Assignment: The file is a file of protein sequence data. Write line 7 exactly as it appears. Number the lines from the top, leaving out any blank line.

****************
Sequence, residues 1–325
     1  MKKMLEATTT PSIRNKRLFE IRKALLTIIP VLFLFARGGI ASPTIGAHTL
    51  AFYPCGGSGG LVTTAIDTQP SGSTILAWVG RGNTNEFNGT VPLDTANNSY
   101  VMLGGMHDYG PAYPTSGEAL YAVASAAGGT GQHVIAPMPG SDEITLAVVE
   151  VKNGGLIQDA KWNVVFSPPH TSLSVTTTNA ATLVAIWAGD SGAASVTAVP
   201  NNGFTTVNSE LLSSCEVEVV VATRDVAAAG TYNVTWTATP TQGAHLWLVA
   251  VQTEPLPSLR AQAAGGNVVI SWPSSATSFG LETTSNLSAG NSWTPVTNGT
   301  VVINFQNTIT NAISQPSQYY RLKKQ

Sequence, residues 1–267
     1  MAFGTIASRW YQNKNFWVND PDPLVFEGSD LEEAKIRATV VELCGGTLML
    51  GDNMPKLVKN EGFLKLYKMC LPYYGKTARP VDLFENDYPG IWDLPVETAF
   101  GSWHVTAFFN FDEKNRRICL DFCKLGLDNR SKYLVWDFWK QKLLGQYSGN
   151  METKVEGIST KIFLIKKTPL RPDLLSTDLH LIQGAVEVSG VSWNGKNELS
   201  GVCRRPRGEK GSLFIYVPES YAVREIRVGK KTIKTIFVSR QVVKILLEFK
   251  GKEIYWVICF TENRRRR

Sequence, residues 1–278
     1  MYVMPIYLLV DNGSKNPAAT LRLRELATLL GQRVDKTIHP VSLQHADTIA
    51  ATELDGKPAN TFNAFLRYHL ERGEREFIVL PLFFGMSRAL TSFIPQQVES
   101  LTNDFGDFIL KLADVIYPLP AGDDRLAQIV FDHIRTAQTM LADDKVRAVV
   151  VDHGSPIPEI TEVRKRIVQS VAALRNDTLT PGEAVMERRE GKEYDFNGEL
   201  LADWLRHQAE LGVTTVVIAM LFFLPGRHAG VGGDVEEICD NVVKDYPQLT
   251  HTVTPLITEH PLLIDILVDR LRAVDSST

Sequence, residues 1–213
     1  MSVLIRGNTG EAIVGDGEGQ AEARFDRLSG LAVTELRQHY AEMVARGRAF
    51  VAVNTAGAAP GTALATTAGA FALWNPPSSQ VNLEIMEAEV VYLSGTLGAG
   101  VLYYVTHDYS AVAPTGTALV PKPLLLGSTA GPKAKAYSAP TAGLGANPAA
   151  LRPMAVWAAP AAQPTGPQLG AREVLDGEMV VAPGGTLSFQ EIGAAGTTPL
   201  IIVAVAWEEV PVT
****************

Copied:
   251  VQTEPLPSLR AQAAGGNVVI SWPSSATSFG LETTSNLSAG NSWTPVTNGT